Point one is that I'd like to see the end of the Tory party. They are self-serving b4stards using every evil trick in the book to keep the electorate in the dark, to hold onto power, to paint 'foreigners' as somehow not worthy. The party is nasty, its members are scum.

Point two ... I live in a country which IS progressive, outward-looking, liberally minded, and sees the benefits that smaller countries have had in the EU. I truly believe the UK is finished, at last, and an indy Scotland would find a natural home amongst the nations of the EU.

That's what I'll be fighting for.

Andy

Me too.

Peerie Maa
11-15-2018, 05:41 PM
Voters have rejected Theresa May (https://www.standard.co.uk/topic/theresa-may-1)’s deal and want another referendum (https://www.standard.co.uk/topic/referendum) in which they would vote to stay in the European Union, a poll (https://www.standard.co.uk/topic/poll) reveals today.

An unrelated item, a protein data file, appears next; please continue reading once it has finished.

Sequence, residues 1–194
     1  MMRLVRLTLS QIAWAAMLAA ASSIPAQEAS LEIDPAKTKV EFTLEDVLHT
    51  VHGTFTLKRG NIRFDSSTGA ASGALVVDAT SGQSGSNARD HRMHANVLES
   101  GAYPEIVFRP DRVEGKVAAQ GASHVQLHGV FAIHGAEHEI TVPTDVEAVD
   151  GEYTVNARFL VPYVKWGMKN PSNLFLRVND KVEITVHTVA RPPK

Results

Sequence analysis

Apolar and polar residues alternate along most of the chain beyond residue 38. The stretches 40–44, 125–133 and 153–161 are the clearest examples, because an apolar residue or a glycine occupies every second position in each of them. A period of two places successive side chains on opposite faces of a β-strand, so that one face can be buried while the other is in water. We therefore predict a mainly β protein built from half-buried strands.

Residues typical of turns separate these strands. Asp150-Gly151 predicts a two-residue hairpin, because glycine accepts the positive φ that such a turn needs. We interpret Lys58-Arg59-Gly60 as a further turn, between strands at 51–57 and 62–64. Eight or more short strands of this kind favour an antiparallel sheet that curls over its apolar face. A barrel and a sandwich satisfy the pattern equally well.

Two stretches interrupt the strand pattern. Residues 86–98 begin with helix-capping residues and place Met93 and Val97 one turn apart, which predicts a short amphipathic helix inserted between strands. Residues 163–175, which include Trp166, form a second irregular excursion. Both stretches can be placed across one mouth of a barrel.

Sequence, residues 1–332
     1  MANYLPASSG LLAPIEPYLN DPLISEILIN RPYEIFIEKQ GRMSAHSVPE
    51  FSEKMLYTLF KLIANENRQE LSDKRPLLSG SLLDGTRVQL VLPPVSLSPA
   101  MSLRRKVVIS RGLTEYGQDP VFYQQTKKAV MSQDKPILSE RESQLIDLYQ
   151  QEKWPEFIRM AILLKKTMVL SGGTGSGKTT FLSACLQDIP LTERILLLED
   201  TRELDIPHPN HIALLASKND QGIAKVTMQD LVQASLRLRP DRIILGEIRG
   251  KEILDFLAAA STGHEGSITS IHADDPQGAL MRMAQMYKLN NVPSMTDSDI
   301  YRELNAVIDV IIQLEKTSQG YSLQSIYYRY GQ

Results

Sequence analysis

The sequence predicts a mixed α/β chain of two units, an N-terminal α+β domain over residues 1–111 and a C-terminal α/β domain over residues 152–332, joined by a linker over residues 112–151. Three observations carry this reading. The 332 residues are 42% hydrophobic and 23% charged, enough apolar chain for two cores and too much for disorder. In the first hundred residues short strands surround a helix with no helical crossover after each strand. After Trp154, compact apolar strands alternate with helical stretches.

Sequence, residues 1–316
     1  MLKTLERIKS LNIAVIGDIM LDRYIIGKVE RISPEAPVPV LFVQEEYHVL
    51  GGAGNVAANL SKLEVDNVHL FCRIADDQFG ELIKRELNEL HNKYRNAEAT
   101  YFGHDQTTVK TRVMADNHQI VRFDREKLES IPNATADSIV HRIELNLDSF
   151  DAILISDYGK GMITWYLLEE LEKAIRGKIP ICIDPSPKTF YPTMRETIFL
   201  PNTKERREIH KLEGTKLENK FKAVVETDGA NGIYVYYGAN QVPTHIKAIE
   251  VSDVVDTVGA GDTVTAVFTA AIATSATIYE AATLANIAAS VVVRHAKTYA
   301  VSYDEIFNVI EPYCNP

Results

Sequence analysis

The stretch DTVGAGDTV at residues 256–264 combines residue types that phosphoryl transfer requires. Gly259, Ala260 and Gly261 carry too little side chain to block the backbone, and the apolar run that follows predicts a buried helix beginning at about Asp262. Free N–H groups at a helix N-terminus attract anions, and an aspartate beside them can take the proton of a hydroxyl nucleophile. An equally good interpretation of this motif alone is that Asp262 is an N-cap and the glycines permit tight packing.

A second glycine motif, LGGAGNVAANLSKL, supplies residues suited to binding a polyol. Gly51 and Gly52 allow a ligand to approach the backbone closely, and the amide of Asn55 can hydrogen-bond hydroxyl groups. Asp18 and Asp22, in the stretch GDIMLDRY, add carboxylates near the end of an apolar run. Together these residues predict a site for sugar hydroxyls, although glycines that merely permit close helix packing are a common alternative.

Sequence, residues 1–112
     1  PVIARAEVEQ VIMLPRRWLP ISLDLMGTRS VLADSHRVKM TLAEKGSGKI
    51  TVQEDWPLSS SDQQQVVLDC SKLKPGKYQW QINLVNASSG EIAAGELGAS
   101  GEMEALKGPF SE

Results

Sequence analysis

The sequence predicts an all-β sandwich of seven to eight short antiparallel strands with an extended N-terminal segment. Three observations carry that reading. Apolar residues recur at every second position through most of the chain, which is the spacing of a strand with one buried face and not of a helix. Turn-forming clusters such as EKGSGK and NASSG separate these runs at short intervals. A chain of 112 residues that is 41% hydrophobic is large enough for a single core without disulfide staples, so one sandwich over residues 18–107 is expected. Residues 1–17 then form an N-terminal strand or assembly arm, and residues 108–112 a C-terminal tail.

A YouGov survey of 1,153 Britons taken overnight — the first taken after last night’s Cabinet meeting — suggests the Prime Minister’s claim that her terms would “take back control” from the EU has been firmly dismissed by the public.
A majority now want a fresh public vote if the Government deal is voted down, with a choice on the ballot paper to keep Britain’s place in the EU rather than crashing out with no protection, the survey suggests.
Key findings of the poll, which was commissioned by the People’s Vote campaign for a second referendum, show:
Voters have changed their minds about Brexit (https://www.standard.co.uk/topic/brexit) and would now vote to stay in the EU, with 54 per cent voting Remain, versus 46 per cent Leave. Among Londoners, the margin was an even bigger — 57-43.

https://www.standard.co.uk/news/politics/first-poll-since-brexit-deal-voters-want-a-new-referendum-a3990851.html?fbclid=IwAR0hcVc6M-CymCzQYPh-MbiuSAcFfxq5Z21owW7AJYX4EPwtd-AXsU83WLc

Rum_Pirate
11-15-2018, 05:55 PM